The conspicuously talented writer, performance artist, and filmmaker behind Me and You and Everyone We Know discusses her long-awaited new film.
Miranda July’s debut feature, Me and You and Everyone We Know, was a sleeper hit in 2005, winning awards and plaudits at Cannes and Sundance. Surprisingly, it has taken six years for her next film to come out. In The Future, July plays Sophie, one half of a couple whose relationship disintegrates from within a story framed by, and narrated by, a cat (also voiced by July). The film’s long gestation, however, wasn’t due to writer’s block: during the period between projects, the ultra-prolific July published short stories (for various magazines and journals, collected as No One Belongs Here More Than You: Stories), created a performance piece (which ultimately became The Future), and started work on a novel.
July says her inspiration for film came via the success that late-eighties indie cinema enjoyed. “When I was in high school, independent film in the modern sense was just starting: She’s Gotta Have It and Sex, Lies and Videotape. I was like a million other kids reading articles about how you only needed a credit card to make a movie. That, along with Jane Campion’s short films, which I also saw at that time, were the key things that made me think I could do this.”
Despite her other artistic endeavours, film was always the central focus. “Because I’ve wanted to do it for so long, it’s almost like I came upon all of these other things while I was seeking out film. I began performing initially because it’s the closest thing, and yet it was something that a teenager could do, someone without equipment. And then performance became so interesting in its own right. It taught me so much about writing. In writing so much for short films and performances, I discovered fiction. It’s all been very organic and not very thought-out.”
In a roundabout way, the acclaim Me and You and Everyone We Know received (including the Caméra d’Or—best first feature award at Cannes) didn’t necessarily come as a surprise. “I had that wonderful naivety that you can only have once,” she recalls. “I was really happy about it, but I was oddly bold and confident. I was like, ‘of course everyone will love my movie. It’s a great movie.’ I had never got a review before, much less a bad review. So I didn’t even know how to be afraid of that stuff. Of course, that movie got bad reviews too, and now I’ve learned.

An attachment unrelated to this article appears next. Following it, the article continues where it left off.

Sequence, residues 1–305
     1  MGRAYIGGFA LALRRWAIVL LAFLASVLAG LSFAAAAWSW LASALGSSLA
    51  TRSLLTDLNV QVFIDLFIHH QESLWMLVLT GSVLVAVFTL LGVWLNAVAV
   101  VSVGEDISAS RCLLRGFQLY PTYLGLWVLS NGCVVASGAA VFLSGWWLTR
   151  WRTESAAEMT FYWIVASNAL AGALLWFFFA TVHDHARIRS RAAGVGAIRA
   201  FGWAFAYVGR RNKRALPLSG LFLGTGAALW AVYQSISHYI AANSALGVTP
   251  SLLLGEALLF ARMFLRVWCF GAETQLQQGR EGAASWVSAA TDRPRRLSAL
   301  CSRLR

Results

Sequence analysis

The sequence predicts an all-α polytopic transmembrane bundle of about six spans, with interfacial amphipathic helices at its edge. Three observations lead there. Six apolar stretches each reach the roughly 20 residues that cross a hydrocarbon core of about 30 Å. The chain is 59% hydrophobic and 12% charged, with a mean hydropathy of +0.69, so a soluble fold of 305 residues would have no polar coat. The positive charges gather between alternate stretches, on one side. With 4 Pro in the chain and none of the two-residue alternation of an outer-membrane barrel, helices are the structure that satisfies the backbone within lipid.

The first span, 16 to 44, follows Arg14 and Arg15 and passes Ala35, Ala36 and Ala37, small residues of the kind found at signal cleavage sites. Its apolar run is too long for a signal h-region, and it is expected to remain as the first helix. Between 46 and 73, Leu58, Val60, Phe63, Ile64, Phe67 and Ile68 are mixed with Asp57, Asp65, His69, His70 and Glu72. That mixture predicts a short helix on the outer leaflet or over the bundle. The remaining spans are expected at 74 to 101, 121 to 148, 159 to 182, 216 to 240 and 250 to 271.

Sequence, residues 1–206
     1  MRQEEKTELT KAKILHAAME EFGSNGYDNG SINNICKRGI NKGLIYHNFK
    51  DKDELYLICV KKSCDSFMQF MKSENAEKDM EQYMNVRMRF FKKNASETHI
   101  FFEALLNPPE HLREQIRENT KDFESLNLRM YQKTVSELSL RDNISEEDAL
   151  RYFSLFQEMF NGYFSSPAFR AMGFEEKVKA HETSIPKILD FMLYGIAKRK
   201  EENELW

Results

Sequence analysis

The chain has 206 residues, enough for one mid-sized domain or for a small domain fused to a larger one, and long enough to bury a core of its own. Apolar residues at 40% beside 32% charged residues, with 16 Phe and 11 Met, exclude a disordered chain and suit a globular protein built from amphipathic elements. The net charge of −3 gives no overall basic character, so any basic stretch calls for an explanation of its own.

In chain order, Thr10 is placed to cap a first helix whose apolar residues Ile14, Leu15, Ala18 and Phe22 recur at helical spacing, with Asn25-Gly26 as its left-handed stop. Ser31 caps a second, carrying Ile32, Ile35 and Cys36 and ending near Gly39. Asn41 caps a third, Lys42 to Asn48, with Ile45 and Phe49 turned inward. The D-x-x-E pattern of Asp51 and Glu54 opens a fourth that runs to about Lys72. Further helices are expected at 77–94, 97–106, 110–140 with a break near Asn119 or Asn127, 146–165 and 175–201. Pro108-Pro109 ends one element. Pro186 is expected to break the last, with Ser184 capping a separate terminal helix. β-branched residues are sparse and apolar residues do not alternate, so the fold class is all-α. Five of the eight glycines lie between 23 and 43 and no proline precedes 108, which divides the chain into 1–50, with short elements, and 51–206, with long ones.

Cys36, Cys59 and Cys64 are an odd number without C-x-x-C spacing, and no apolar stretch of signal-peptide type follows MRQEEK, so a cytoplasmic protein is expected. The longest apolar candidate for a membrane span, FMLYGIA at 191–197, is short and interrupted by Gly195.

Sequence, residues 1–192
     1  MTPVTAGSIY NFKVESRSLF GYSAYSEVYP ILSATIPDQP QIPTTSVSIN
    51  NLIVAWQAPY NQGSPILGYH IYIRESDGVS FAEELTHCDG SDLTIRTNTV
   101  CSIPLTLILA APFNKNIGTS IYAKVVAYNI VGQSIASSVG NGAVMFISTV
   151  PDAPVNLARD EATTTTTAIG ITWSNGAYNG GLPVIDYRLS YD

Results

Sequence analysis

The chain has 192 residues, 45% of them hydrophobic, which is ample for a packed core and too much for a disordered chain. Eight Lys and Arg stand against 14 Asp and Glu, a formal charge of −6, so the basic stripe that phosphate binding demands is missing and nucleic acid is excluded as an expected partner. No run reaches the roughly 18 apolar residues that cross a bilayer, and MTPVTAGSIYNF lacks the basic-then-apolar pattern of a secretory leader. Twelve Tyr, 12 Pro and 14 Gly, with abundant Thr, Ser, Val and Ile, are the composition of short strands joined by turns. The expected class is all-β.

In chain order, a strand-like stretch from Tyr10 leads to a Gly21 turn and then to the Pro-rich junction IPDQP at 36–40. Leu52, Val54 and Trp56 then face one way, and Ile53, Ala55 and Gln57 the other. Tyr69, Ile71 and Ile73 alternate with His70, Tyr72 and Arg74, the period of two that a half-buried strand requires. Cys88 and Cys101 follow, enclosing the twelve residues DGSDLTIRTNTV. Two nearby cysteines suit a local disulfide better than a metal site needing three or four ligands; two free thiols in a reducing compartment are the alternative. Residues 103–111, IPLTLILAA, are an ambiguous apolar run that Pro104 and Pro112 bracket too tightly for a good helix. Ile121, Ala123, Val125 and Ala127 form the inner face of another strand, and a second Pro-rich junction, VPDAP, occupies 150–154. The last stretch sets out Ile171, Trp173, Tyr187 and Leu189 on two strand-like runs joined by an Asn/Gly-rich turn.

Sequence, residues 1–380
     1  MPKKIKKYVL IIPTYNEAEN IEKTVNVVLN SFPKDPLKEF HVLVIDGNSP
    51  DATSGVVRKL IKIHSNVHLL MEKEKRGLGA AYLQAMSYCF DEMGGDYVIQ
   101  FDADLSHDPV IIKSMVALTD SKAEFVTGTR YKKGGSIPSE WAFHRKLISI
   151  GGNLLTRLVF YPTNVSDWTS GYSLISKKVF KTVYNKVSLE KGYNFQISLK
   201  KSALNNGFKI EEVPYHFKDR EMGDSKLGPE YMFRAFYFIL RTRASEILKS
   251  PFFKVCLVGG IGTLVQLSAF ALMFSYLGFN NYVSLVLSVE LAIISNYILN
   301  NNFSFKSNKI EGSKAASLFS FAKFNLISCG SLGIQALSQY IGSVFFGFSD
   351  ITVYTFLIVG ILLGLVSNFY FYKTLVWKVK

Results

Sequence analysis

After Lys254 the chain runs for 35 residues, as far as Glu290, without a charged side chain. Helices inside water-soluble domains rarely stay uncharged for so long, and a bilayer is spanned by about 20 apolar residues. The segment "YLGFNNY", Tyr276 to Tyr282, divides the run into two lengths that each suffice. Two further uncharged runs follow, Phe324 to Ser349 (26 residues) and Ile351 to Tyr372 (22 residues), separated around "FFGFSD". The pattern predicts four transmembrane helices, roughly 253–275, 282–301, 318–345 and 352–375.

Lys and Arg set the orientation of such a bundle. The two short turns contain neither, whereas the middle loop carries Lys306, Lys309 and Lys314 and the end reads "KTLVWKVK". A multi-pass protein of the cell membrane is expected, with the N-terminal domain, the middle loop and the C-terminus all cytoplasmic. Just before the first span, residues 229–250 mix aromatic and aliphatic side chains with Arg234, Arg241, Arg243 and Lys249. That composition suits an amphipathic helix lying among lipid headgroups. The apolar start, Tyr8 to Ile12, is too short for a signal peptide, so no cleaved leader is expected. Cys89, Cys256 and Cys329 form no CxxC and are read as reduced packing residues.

She does suggest, though, that the success added pressure on a follow-up. “There was a bit of pressure, ‘what’s the second movie going to be?’ I didn’t want to sit down and approach it that way. I made this performance, which had this talking cat and the idea of stopping time. A lot of the key elements were in there, but also a lot of things that wouldn’t have translated into a movie. By the time I debuted the performance in New York, I was ready [to make it].” She adds that there would have been more pressure “if I was only wanting to be a filmmaker. But by that point, I was so serious about the other things I was doing, that my first thought when I realised the first movie was working out was ‘maybe I can get my book of short stories published.’ And sort of parlay this into that, which is probably not what you’re supposed to do.”
“It’s hard to explain how they had so many things in common and yet were so different,” she says of the film’s relationship to the performance piece it evolved from. “It’s almost like an acid trip, something versus real life. It’s a lot less literal, the performance.” The film had little improvisation. (It was a 21-day shoot, which July felt didn’t lend itself to experimentation.) “The one exception is the old man in the movie, who Jason meets through the classified, I met through the classifieds. He’s not an actor, and he’s playing himself. The cards he makes in the movie are his own dirty cards. I did let him improvise on a theme. For example there’s one scene in which he sells a hairdryer. That’s just him and he’s wonderful.”